Immediately, the front page of every major newspaper and other broadcast media around the world – certainly those in southern Africa – should report on the great impact that implementation of MC could bring. Country-specific data on the progress to implement safe services should be easily accessible and widely available for monitoring. If we can have sport scores reported around the clock, then we can also have tallies of how we are doing in reversing the HIV pandemic, such as estimates of the numbers of HIV infections averted and lives saved through this and other crucial prevention approaches.
Immediately, UNAIDS should announce the creation of an MC desk to promote and monitor safe MC and affordable male reproductive health services. Other global organizations can and must do the same. Responsibility, accountability, monitoring and evaluation need to be the buzzwords in the boardrooms of global health.
Immediately, we can and must educate and share with the public the knowledge of the protective effect of MC. Together we can validate and value this as the lifesaving procedure that it is. We must also be fully transparent about the potential risks and limitations – inherent to virtually any public health measure – of MC, including the danger of unskilled and unsafe practitioners attempting to profit from the growing demand for the service. And unlike a potential HIV vaccine, MC would not have much impact on most epidemics outside of Africa, which are mainly driven by injection drug use and/or male-to-male anal intercourse. However, we must also work to correct the lingering misconceptions and false beliefs (mainly held outside of Africa) regarding the lack of benefits from safe circumcision. MC works: it is at least as good as the HIV vaccine we have been waiting for, praying for and hoping to see in our lifetimes.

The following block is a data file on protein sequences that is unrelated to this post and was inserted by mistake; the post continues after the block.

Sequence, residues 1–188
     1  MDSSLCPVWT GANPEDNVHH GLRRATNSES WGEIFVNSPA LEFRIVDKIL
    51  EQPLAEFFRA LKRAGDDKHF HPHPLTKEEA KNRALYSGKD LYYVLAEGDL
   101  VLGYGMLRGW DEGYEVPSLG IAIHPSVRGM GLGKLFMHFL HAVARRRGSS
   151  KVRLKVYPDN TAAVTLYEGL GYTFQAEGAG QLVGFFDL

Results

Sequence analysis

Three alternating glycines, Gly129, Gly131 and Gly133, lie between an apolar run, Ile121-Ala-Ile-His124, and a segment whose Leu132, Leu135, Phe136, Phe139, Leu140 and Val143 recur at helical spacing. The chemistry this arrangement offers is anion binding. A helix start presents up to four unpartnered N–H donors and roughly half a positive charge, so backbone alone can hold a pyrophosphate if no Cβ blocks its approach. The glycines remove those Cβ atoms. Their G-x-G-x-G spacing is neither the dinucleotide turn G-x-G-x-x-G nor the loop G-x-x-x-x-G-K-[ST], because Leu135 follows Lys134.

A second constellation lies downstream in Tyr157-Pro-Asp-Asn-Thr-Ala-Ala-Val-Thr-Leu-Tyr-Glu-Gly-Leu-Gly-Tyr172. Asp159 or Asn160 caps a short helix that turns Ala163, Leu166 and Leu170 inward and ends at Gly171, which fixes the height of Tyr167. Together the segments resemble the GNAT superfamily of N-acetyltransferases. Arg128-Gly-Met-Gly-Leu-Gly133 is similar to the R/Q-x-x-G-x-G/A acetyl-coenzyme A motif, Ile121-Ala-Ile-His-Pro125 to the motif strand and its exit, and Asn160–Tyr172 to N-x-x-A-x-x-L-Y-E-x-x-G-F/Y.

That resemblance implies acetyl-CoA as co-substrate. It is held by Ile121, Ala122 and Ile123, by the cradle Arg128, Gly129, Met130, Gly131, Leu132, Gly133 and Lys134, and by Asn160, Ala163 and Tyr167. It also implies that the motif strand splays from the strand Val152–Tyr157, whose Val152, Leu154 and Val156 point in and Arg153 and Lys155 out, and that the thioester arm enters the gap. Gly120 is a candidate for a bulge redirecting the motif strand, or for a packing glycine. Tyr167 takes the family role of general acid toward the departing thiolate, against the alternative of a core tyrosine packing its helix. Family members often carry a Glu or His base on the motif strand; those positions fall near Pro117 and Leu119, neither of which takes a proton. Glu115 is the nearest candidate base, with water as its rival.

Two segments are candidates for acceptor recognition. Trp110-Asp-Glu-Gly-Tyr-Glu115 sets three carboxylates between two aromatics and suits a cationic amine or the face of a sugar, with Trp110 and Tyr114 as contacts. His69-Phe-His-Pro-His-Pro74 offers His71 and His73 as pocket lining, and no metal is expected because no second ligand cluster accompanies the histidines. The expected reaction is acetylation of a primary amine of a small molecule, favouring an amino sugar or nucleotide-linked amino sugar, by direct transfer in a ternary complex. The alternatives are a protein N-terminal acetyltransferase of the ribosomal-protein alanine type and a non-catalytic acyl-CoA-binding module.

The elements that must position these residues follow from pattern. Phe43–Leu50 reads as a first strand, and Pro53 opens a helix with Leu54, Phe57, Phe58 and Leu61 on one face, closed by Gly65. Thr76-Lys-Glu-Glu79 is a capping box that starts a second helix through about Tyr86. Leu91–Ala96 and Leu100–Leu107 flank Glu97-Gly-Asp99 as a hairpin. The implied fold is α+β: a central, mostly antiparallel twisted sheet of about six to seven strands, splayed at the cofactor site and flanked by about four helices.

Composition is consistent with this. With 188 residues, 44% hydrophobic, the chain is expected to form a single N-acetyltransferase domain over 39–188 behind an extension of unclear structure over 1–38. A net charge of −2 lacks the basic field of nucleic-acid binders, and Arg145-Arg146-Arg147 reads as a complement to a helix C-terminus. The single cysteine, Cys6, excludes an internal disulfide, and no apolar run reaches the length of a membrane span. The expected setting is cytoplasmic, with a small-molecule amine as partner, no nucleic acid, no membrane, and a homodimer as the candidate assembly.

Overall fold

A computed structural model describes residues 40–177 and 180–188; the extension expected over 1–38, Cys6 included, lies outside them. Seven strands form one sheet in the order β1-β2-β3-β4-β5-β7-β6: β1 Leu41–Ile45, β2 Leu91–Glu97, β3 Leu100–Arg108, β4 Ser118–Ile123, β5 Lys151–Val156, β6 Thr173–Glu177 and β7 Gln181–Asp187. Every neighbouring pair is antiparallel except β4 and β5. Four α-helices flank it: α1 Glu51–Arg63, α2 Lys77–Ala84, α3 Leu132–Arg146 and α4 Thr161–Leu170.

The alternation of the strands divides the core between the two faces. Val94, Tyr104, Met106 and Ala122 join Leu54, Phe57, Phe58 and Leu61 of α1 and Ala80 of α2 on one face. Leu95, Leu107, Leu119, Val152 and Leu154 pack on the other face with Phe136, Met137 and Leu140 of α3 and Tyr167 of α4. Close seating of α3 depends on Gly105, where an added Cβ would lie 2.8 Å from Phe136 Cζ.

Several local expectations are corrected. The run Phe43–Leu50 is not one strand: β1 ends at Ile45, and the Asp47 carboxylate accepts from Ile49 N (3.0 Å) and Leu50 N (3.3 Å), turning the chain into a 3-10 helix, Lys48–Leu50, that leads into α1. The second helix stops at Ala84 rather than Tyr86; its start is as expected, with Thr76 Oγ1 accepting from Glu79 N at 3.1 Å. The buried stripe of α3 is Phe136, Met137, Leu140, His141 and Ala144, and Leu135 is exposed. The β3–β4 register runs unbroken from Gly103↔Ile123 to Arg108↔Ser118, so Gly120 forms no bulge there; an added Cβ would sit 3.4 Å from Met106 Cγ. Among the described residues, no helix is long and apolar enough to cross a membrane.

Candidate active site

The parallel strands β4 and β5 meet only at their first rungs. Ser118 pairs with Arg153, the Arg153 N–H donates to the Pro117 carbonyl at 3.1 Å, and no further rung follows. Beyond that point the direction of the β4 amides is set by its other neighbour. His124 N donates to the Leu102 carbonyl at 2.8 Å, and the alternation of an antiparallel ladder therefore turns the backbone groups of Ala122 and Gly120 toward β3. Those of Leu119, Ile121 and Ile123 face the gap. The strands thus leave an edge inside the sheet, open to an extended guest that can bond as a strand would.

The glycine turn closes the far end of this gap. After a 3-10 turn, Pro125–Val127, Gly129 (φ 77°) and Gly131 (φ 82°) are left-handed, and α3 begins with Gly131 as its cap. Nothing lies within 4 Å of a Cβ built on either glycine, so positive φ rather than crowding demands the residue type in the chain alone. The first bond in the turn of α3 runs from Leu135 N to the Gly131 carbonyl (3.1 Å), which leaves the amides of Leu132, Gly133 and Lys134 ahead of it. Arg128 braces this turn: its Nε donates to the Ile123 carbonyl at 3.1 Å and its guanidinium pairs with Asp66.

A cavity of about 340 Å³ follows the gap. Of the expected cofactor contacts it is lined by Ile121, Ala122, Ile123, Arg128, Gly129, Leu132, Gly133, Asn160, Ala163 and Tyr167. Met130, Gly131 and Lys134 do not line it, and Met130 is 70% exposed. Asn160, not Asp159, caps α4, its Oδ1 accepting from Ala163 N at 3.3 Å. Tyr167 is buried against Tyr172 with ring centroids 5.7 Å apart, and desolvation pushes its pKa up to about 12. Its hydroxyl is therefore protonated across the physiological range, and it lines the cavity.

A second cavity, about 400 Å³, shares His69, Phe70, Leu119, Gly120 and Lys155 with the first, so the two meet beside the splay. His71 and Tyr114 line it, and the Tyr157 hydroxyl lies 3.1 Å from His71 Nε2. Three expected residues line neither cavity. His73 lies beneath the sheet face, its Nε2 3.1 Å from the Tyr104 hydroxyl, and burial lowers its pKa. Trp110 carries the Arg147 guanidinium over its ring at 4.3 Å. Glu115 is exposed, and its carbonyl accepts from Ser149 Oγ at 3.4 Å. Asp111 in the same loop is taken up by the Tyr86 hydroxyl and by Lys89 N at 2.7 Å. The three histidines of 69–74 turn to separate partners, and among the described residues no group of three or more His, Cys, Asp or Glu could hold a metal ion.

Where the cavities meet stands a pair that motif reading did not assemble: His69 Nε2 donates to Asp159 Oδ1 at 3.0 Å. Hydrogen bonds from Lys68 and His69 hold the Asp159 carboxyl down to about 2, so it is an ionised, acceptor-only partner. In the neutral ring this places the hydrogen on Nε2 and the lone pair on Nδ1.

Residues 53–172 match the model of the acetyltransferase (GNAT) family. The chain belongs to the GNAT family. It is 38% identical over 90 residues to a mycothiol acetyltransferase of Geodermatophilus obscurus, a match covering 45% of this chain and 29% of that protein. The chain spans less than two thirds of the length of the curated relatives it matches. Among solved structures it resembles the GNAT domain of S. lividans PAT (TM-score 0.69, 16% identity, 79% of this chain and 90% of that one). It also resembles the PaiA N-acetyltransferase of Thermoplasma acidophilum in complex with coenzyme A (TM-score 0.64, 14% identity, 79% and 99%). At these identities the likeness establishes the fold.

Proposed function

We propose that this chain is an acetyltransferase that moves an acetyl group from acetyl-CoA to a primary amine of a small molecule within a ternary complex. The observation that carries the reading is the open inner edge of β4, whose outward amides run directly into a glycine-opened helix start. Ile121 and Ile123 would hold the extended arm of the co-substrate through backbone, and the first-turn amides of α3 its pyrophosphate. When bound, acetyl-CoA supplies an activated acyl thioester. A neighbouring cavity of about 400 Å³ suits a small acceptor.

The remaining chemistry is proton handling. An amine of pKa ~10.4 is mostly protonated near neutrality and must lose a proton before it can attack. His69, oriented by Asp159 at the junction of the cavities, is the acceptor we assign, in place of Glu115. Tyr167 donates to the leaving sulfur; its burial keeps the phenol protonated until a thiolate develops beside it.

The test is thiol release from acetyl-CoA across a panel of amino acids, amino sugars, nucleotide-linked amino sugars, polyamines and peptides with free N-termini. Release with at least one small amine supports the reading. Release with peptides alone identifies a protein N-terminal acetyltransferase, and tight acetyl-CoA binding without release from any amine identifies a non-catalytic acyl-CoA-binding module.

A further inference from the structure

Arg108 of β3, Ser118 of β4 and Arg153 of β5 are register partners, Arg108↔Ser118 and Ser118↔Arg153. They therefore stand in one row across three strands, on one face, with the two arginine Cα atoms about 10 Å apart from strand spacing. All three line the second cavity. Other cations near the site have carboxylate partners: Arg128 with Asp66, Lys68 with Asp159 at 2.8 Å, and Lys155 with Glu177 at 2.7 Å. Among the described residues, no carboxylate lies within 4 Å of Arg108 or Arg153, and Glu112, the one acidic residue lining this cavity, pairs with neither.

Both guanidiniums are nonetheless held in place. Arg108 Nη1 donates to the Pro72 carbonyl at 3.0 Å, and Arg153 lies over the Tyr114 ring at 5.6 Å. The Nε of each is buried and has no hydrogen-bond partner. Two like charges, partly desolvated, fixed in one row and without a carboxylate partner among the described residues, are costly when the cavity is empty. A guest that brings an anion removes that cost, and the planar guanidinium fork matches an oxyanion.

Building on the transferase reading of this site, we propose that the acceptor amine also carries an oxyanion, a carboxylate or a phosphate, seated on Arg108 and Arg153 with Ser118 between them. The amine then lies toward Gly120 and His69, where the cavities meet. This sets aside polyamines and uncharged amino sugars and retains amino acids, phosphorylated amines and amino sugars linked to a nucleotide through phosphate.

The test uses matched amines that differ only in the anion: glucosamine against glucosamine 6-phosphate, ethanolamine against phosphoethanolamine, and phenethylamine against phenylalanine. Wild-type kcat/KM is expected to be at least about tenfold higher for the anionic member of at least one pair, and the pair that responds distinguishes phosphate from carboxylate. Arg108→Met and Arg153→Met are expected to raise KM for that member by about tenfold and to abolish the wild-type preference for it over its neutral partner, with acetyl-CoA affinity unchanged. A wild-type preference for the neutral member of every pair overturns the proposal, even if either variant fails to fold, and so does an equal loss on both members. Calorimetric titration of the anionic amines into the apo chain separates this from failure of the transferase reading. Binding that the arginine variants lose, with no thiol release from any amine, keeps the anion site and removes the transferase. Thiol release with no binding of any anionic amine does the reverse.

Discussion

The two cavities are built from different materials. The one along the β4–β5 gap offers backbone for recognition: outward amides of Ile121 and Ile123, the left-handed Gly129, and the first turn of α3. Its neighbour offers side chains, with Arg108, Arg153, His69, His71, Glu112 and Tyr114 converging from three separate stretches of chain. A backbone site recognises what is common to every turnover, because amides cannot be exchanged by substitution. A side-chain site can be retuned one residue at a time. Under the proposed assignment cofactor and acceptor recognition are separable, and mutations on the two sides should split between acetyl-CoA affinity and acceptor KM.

We wish to thank Alan Brody, Ward Cates, Kelly Curran, Helen Epstein, Steve Gesuale, Matt Hanley, Allison Herling, Doug Kirby, Willi McFarland, Daniel Mirel, Brian Morris, Robert Riviello, William Rodriguez, Jim Shelton and Dudu Simelane for their useful comments. Poster on first page from Family Life Association of Swaziland.
Financial & competing interests disclosure
The authors have no relevant affiliations or financial involvement with any organization or entity with a financial interest in or financial conflict with the subject matter or materials discussed in the manuscript. This includes employment, consultancies, honoraria, stock ownership or options, expert testimony, grants or patents received or pending, or royalties.
No writing assistance was utilized in the production of this manuscript.
Jeffrey D Klausner, University of California, Divisions of AIDS & Infectious Diseases, San Francisco, CA, USA, Tel.: +1 415 355 2000; Fax: +1 415 355 2030; Email: email@example.com
Richard G Wamai, Harvard University School of Public Health, Department of Population & International Health, Boston, MA, USA.
Kasonde Bowa, Director of Male Circumcision Services, University Teaching Hospital, Lusaka, Zambia.
Kawango Agot, Universities of Nairobi, Illinois & Manitoba Male Circumcision Project, Lumumba Health Center, Kisumu, Kenya.
Jesse Kagimba, Kampala, Uganda.
Daniel T Halperin, Harvard University School of Public Health, Center for Population & Development Studies, 9 Bow St, Cambridge, MA 02138, USA, Tel.: +1 617 496 7019; Fax: +1 617 495 5418; Email: firstname.lastname@example.org